17 March 2017
Kruger National Park, South Africa – A group of three poachers move silently through the bushveld, hidden from the naked eye by the darkness of night. Armed with a rifle and carrying a grim collection of hacking and cutting tools, they have but one goal – to kill yet another one of Africa’s iconic rhinos for its horn. They move quickly, yet with confidence that the vastness of the quiet park will allow them free reign to complete their task undisturbed.
However, unbeknownst to these wildlife criminals, the South African National Parks (SANParks) counter-poaching night-watch - sitting many kilometers away - has been closely watching them as they traverse the protected area. With the use of new wide area surveillance technology and specialised long range optics installed in the so-called Meerkat system, poachers no longer have the luxury of relying on invisibility as they illegally enter South Africa’s primary rhino stronghold.
A SANParks Special Ranger response unit is quickly mobilised to intercept the trespassers, and the team members focus all their energy on ensuring a zero-harm intervention. Once again the Meerkat is utilised, this time to safely direct the response team as they inch closer and closer to a potentially dangerous encounter with the armed poachers. Guided by the “angel on their shoulder”, the rangers manage to catch the poachers off-guard, arrest them and confiscate valuable firearms and tools. At least on this night, thanks to the Meerkat and the dedicated ranger teams, no human or animal lives were lost.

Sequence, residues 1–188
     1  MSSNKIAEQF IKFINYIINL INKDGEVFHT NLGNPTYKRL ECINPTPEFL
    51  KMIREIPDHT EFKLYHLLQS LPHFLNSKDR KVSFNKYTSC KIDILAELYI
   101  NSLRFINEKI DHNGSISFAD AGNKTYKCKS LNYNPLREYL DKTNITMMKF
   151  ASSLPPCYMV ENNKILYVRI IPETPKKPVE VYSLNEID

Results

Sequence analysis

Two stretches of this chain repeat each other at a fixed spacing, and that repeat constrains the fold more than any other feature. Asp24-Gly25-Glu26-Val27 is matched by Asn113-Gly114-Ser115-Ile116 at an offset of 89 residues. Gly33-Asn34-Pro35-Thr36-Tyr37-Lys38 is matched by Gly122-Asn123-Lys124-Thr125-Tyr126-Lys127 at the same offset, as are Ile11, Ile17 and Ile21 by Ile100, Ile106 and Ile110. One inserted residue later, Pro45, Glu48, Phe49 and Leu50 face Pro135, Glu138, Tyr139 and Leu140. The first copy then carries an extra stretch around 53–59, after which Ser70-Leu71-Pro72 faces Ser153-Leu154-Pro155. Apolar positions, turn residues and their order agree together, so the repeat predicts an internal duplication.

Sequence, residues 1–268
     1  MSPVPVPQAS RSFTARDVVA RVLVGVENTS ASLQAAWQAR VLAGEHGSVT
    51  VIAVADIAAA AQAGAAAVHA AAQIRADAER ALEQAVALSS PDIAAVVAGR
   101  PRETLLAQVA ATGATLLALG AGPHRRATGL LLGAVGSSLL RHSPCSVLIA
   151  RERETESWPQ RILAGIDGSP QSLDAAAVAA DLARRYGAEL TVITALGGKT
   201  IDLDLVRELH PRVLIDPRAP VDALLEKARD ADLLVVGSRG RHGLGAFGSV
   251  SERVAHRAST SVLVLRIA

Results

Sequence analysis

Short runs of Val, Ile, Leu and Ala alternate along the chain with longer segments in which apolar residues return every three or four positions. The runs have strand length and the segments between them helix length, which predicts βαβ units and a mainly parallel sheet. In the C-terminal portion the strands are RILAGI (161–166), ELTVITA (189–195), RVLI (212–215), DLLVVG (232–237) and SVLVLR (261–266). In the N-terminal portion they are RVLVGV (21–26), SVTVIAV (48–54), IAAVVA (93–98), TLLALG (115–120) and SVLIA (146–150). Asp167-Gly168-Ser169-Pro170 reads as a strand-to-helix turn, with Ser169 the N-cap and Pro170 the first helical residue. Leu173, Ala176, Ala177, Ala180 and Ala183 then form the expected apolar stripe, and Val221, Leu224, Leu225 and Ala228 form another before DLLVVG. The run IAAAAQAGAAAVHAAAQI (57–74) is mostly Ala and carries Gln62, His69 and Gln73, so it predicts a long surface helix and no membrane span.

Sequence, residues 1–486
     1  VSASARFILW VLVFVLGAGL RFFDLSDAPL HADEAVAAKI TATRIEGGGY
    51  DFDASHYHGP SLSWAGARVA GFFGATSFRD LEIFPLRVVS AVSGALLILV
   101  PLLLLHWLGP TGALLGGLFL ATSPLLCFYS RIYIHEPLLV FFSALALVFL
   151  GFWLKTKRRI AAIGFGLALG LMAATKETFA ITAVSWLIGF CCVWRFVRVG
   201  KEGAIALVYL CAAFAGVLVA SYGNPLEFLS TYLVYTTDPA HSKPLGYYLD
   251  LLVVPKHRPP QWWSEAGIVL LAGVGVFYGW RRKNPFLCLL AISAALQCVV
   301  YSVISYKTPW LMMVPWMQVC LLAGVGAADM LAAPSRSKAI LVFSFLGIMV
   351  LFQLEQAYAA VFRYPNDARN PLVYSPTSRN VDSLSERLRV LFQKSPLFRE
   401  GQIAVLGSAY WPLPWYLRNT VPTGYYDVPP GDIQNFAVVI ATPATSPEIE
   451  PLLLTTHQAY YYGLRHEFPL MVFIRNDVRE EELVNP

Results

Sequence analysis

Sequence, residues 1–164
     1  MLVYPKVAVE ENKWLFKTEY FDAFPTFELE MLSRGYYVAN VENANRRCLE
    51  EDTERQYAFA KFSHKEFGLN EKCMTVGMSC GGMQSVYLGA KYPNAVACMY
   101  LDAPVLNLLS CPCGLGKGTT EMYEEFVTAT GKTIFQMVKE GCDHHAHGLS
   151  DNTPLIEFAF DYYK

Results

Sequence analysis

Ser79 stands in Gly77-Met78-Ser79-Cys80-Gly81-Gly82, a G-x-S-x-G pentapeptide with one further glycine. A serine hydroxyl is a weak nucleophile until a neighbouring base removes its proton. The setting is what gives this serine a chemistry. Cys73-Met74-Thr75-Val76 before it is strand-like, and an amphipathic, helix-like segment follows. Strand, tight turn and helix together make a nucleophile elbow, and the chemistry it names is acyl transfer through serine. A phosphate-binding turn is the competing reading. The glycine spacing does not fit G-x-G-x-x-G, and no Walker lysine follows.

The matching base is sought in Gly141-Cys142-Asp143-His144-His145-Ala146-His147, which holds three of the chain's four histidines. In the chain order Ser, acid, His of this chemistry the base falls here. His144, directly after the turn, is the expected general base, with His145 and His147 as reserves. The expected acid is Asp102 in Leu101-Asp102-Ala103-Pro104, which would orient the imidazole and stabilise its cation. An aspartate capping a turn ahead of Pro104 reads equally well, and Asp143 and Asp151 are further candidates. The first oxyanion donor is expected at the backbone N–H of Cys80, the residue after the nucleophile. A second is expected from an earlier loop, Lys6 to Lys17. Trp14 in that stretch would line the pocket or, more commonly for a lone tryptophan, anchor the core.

This is a scenario that plays out in Kruger National Park night after night. The innovative Meerkat wide area surveillance system – developed through a partnership between SANParks, Peace Parks Foundation and South Africa’s Council for Scientific and Industrial Research (CSIR) – was officially put into operations at the end of January 2017, following completion of the first production model, aptly named the Postcode Meerkat, as it was funded by the players of People’s Postcode Lottery . During the first two weeks of operation alone, the system was successfully used to thwart the efforts of five of nine detected poaching groups, with five poachers apprehended and arrested.